The other strange thing this list draws attention to just how liquid and slippery music is. A good song is always somehow passing you by. Maybe that's why people like the groove, the beat, the one part of a song that repeats itself for the duration. It's possible to spend a few minutes or more in a good groove. Whereas these moments, these fleeting, greatest moments, as much as I love them, I just can't hold them.
But that's how music is. Its coming is its going. It's not like a breathtaking painting you can face for as long as you like, getting lost in the thing while a whole afternoon passes outside the museum. It's not like a sublime passage in a book that you can read as slowly as you like, just staring at the words late at night in bed. Sure, hip-hop artists sample these kind of moments in order to repeat them again and again in their own song, thereby turning such a moment into part of the groove, but then the moment's not the moment anymore, it's something else. Maybe there's a lesson in here somewhere, who knows.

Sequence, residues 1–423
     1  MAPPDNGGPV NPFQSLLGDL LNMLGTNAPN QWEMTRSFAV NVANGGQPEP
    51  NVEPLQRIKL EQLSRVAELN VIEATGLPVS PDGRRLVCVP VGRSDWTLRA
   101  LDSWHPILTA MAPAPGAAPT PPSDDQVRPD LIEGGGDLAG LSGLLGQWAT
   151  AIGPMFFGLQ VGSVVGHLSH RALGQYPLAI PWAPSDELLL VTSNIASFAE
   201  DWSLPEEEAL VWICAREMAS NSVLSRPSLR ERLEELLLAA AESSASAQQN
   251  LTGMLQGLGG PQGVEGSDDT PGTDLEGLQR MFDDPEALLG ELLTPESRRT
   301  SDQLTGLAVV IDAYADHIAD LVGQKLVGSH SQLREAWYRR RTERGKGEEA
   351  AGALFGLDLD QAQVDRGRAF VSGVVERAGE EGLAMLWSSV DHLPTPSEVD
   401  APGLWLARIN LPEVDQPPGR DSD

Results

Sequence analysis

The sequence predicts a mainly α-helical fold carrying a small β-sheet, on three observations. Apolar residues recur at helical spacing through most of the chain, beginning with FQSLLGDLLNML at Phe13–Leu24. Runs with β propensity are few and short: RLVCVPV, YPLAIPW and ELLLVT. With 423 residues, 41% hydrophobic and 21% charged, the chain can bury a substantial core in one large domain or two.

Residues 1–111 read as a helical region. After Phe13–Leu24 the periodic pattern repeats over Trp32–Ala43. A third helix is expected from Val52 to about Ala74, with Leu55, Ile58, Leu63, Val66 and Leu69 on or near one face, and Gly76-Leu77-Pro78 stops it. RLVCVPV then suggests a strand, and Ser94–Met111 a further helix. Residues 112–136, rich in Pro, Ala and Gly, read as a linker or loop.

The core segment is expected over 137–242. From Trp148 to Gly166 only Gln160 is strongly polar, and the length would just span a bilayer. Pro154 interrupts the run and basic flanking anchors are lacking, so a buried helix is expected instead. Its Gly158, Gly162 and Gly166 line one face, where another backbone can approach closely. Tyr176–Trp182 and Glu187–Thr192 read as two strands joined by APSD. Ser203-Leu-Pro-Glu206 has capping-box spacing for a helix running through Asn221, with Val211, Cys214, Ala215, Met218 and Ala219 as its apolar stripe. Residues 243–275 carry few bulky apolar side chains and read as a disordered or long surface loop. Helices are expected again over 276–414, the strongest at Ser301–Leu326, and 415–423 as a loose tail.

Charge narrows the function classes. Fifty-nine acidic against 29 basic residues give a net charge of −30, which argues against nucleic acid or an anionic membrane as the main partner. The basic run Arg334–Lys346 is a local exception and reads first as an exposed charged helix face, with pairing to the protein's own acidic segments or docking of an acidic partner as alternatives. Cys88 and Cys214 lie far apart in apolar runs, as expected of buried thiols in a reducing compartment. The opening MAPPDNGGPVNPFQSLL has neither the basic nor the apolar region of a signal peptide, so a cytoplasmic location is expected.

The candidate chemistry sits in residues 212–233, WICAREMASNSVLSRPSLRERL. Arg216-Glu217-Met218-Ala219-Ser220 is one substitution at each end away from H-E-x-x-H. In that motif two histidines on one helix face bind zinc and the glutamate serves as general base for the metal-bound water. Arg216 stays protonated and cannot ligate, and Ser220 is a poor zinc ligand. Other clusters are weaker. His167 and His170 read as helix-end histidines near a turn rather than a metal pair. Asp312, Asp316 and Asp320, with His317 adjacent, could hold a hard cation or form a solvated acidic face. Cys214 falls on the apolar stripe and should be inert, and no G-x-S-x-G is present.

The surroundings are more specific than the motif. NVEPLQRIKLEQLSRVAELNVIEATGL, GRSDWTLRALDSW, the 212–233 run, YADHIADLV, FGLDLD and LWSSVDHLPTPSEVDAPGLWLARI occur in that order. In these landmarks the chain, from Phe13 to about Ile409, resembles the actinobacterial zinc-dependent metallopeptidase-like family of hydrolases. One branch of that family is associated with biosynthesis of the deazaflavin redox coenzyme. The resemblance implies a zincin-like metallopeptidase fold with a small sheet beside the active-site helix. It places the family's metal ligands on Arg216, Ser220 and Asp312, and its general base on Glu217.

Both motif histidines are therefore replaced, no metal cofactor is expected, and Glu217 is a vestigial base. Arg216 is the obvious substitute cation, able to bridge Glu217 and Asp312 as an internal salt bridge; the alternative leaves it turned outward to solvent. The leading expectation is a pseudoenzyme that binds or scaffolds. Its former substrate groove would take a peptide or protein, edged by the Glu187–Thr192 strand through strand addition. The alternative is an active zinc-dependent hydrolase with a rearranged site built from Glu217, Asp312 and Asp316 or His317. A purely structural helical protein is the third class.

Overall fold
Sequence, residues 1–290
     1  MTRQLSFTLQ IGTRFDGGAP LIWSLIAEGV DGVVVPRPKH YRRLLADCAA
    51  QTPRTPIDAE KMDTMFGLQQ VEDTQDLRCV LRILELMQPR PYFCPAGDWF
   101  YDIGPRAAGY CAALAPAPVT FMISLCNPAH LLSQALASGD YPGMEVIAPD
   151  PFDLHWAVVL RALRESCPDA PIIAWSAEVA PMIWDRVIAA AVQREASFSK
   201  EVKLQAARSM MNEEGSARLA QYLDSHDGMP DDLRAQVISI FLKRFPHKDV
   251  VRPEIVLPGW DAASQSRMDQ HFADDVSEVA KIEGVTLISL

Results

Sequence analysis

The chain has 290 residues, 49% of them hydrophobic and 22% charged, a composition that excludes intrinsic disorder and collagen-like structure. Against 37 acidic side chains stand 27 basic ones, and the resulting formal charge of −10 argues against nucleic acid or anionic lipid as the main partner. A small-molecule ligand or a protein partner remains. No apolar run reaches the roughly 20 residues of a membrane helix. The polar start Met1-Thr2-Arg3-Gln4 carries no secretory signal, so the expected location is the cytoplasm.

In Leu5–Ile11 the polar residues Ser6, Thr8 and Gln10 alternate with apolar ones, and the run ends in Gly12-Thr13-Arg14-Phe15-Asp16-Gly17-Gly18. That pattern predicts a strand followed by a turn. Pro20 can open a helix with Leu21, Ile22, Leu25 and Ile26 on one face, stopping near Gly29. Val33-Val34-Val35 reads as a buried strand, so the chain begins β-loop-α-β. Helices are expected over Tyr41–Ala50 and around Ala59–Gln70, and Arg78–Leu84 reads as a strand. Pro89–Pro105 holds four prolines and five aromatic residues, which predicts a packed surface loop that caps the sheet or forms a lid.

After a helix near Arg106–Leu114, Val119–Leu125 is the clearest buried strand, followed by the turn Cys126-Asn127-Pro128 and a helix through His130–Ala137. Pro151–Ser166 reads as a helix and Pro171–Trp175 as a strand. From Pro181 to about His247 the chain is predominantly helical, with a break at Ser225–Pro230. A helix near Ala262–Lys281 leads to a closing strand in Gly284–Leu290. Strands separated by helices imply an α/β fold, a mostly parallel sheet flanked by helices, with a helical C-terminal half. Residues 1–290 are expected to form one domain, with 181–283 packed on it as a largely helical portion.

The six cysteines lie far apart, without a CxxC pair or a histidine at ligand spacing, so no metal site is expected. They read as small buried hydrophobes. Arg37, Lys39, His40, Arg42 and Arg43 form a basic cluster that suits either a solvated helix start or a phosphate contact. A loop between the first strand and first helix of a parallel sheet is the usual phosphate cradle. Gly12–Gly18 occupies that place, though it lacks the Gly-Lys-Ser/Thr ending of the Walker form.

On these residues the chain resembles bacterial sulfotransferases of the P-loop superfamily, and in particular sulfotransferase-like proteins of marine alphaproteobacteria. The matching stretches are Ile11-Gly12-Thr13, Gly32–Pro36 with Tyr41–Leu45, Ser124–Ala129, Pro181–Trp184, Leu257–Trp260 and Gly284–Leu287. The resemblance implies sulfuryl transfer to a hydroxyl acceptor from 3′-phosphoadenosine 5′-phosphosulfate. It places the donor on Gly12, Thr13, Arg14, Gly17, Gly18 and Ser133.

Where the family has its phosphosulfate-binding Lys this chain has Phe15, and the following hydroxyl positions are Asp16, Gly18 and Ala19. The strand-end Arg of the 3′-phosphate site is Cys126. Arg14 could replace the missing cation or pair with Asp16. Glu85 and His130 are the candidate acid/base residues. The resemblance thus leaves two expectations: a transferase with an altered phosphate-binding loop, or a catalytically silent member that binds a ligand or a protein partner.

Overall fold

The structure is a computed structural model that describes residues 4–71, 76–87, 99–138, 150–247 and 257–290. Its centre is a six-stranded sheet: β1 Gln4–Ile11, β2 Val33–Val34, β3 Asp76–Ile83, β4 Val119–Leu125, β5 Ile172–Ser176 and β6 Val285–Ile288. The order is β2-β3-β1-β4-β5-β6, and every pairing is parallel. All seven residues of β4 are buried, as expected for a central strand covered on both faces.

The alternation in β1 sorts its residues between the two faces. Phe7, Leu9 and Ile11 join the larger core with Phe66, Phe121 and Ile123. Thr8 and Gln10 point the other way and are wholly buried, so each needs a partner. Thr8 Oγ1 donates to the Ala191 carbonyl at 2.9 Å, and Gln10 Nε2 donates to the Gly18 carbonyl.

Anyhow, here's the list, in no particular order:
Dire Straits, "Sultans of Swing," 4:18-4:28
You probably think I've included this song to single out some delightful chunk from one of the two astounding guitar solos Mark Knopfler plays in this number. But no, my favorite moment in this song, which I listened to over and over while delivering hundreds of pizzas from 1985-1987, is this absurdly cymbal-rich drum fill, played by the awesomely named Pick Withers, a fill which occurs in the middle of the wonderful plateau between the two guitar solos. Everything is charged by this point in the song, and this fill somehow both releases and creates more energy in the lead up to Knopfler's final solo, a top ten moment in its own right.
Wilco, "Poor Places," 2:38-2:48
This stretch of "Poor Places," in particular the five-note guitar figure you hear at around 2:44, is the key moment of this song, which I think of as the climax of the entire album, which, like a lot of people, I think of as the high-point of Wilco's discography. What I find doubly fascinating about these five notes is that they're played like this only once, despite their collective awesomeness, which the band obviously knew early on. How do I know this? Well, compare this final version of the song to the earlier demo, in which this figure is played over and over again. No doubt that in this final version, where the band somehow found the self-restraint to play them just once, these five notes pack a much greater punch.